“Do I want to do that? No. I just want people to wear their masks,” Wait added. “I think it’s fairly simple at this point. We know that masks work. Yes, they are not 100%. But not everything is 100%. I think that when we’re mixing individuals, that’s when we have our highest risk of having a spread of COVID-19, and us not getting back to normal. This is strictly about us getting back to normal. We all want to get back to normal, and it means wearing a mask in public for a little bit longer, period. It’s been a year.”
Commissioners Brad Rogers and Frank Lucchese noted that while they aren’t opposed to the continued mask requirement, they take exception to the 50% capacity restriction while under the yellow advisory level, noting that many businesses, such as caterers, are really struggling to make ends meet, and further restrictions on capacity could force some to close for good.
“I have a problem with limiting their capacity,” Lucchese said. “Make them wear masks in the event centers, but allow them to be open. We’ve lost one last month, and there are multiple ones we’re going to lose. ... So, if we have a mask mandate, allow them to keep that mask on. But lets increase the number of people at the event.”
For her part, Wait noted that under her current order, while capacity is limited to 50% under the yellow advisory level, the requirement for 6 feet of social distancing is not, which should mean that venues can increase the number of people in attendance while still maintaining that 50% capacity limit.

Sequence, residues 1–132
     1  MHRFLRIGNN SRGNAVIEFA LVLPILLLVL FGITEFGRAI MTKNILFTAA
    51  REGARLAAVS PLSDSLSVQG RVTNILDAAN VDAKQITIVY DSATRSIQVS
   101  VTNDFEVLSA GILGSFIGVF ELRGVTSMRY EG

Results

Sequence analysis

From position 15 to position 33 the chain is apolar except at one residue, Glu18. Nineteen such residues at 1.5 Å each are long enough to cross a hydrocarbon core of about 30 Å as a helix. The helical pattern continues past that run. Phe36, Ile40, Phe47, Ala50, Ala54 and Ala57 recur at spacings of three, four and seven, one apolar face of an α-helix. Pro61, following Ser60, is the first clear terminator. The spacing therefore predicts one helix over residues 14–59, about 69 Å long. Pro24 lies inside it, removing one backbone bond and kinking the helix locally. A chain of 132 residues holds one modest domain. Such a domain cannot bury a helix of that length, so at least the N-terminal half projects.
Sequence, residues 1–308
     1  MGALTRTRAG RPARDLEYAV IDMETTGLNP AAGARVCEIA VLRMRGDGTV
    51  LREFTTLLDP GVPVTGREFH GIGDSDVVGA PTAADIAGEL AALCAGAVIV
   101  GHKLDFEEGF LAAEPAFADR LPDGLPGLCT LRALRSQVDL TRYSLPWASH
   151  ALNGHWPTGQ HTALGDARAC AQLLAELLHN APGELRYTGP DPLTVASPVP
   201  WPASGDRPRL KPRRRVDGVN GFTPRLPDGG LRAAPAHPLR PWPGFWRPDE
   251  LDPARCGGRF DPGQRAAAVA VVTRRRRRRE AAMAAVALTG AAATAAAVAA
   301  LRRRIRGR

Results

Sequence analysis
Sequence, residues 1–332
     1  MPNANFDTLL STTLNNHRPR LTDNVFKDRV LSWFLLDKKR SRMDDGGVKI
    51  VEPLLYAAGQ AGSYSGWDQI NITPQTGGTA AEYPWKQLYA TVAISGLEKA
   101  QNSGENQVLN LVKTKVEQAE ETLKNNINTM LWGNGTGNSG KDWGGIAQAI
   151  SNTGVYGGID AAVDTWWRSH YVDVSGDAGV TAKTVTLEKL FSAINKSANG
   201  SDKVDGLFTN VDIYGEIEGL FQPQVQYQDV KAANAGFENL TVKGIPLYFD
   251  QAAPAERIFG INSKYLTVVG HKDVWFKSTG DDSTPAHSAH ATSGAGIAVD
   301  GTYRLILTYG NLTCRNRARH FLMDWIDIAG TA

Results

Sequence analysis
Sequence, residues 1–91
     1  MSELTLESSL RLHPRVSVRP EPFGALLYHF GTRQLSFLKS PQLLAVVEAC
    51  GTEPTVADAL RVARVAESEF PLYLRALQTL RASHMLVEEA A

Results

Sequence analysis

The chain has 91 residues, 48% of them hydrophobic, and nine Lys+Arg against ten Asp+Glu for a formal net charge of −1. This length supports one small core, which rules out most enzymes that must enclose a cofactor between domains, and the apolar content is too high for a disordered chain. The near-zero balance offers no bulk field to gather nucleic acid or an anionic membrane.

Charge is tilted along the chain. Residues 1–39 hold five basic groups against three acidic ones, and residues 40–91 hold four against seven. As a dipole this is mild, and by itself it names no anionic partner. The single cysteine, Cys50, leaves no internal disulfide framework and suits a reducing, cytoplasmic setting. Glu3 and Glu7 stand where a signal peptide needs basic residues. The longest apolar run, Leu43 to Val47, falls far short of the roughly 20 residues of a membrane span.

As Wait’s announcement Monday was just for informational purposes and did not require commissioner approval, no formal action on the new health order was taken by the commission.
“My intention is definitely, still, to keep children in school, to keep hospitals and health care accessible, and to keep businesses running,” commissioner Suzanne Weirick added of her support for Wait’s order at the conclusion of Monday’s meeting. “The way to make sure that we don’t overrun any of these systems is to kind of give everybody who chooses to be vaccinated the opportunity to actually get that vaccine.”